tries to bring to the table here, but he is more fumble than finesse. Bollywood is a different terrain, and you can see him shifting constantly for a better fit, but except for some action sequences, it doesn’t happen. What can he do if he has to act opposite a dumb blonde version of a Bollywood ditz, the NRI Mala who is in India to attend a Facebook friend’s wedding ( yes, that’s right), and who wants to run back to her Daddy, and not give gawaahi in the murder she witnesses? Priyanka Chopra is even more of a misfit here, with not one shred of her usual intelligence showing through in her over-the-top-squeaky-girliness. Why?Poor Prakash Raj. He really seems to be the go-to villain these days, but we've been seeing him doing the same thing too many times over. His Teja lives in a gargoyle of a palace somewhere in Mumbai, with a swimming pool, loyal henchmen, and curvaceous moll Mona Darling (Gill) who may be the
silliest prop in the film.
The nakli dawaai of the older film is replaced by nakli petrol: the oil mafia, which skims over the top, and sells in the open market, and which is being investigated by sharp investigative reporter Atul Kulkarni, accompanied by a hanger-on of a female colleague. That kind of treatment was very much of a product of its time. It makes no sense now. Going by this Zanjeer, Mumbai still has only one cop who is capable of weeding out the baddies (his sidekicks are cartoons), only one journo who wants to break stories, only one really bad guy, and that one fellow who turns from bad-to-good in the blink of an eye (Sanjay Dutt is Sher Khan, all togged out in techni-coloured Pathani suits and scarred cheeks, has the dubious privilege to react to this iconic line: “yeh tumhaare baap ka ghar nahin, police station hai”. He also gets to dance, fight off a dozen men at the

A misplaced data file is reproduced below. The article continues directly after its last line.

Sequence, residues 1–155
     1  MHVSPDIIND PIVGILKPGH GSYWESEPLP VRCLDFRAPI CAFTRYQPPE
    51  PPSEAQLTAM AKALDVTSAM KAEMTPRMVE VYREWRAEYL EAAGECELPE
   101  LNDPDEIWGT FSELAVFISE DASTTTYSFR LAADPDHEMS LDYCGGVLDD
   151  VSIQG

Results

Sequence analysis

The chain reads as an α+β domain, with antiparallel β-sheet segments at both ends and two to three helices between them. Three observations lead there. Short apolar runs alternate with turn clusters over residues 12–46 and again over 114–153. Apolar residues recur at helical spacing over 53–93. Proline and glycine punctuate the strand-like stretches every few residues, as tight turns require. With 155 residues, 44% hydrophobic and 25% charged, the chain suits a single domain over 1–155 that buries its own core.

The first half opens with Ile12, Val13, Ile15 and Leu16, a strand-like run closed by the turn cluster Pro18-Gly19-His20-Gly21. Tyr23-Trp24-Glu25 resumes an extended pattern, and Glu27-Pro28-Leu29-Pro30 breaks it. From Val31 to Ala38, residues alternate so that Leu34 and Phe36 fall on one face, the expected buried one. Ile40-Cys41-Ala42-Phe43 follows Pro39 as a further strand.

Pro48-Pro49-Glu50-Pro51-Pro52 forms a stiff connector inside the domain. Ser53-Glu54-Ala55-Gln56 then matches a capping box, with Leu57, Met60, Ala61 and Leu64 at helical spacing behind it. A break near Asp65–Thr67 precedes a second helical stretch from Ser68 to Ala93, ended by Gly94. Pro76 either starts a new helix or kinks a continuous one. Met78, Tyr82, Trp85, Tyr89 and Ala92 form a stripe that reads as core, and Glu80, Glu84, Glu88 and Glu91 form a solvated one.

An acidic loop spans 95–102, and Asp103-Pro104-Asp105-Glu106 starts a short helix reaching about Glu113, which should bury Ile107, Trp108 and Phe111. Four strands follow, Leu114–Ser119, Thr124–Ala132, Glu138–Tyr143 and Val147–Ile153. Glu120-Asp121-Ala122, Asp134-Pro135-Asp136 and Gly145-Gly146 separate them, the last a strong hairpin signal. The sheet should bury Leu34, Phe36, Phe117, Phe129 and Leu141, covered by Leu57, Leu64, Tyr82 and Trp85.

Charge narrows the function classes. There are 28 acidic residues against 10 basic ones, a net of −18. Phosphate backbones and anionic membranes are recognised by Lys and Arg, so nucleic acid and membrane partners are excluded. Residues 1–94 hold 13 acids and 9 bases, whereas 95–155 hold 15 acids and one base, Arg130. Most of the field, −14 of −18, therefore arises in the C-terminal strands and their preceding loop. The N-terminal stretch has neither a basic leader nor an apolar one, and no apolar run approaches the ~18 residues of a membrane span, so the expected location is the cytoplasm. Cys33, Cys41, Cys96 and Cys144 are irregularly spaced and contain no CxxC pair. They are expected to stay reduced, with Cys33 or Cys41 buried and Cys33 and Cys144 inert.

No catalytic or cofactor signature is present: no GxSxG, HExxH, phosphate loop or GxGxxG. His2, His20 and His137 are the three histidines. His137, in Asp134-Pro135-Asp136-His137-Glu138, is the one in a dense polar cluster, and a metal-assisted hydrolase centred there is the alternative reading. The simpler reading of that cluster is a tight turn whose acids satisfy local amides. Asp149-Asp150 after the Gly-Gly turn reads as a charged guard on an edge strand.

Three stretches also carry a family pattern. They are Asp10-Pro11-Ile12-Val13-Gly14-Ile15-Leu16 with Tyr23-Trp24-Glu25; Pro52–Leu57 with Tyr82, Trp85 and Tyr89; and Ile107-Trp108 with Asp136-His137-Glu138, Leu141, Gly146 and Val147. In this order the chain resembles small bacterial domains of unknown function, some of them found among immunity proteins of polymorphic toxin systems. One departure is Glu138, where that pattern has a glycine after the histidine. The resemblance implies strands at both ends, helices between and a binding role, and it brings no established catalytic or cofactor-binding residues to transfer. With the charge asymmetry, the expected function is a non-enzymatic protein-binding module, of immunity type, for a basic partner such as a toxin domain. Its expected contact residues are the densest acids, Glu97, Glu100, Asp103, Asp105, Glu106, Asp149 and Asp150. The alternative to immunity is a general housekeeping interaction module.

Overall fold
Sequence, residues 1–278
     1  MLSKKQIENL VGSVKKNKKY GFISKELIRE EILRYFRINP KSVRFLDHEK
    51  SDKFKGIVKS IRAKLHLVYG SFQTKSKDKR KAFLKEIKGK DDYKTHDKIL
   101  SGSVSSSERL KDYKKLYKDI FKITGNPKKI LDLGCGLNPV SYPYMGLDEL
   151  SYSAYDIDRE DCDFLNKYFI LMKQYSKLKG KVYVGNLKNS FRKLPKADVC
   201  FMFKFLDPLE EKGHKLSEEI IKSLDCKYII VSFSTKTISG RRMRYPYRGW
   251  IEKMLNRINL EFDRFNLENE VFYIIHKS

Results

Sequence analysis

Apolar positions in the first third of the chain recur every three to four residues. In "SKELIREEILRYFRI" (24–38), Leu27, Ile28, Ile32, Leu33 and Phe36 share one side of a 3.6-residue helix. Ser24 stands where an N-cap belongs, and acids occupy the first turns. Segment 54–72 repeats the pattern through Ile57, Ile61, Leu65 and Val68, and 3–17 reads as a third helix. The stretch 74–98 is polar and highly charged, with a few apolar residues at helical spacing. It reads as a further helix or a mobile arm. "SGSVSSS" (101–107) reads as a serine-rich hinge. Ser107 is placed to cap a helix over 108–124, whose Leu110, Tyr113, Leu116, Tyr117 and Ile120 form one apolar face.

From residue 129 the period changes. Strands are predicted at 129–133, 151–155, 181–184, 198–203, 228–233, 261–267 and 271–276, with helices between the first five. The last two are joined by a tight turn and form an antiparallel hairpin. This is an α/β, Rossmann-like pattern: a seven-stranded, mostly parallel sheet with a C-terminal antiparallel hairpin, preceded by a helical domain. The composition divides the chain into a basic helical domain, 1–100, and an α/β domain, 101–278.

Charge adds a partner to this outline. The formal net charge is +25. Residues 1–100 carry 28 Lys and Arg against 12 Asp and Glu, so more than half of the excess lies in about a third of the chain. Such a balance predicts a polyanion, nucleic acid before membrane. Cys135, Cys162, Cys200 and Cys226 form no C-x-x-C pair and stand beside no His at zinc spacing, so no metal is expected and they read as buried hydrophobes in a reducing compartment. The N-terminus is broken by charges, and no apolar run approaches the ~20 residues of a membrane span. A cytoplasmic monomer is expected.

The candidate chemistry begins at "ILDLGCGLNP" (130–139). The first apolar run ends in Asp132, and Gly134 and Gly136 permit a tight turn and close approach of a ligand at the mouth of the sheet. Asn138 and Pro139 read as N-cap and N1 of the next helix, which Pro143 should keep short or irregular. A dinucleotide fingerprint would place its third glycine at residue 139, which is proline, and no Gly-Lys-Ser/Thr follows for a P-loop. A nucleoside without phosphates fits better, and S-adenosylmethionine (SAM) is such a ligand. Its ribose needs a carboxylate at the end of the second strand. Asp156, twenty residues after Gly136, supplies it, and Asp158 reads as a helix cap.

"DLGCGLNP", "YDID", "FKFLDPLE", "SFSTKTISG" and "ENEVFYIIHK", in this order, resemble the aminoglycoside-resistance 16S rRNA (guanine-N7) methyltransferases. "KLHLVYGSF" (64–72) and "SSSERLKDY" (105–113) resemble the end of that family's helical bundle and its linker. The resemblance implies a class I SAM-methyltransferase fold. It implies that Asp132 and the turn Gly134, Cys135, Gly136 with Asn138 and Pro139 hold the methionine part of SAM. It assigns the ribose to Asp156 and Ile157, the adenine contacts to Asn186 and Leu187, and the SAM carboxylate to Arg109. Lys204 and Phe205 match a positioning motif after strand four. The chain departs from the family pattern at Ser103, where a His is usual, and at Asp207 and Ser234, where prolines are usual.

same time, and save the hero’s life.
There’s a part in which this Teja and Mona Darling are seen watching an excerpt from that Zanjeer, in which Ajit and Bindu are shown cosying up, and you instantly get nostalgic. In this instance, old is certainly gold. And new is dross. There really is nothing in this film that catches your eye except for a few set pieces, and a new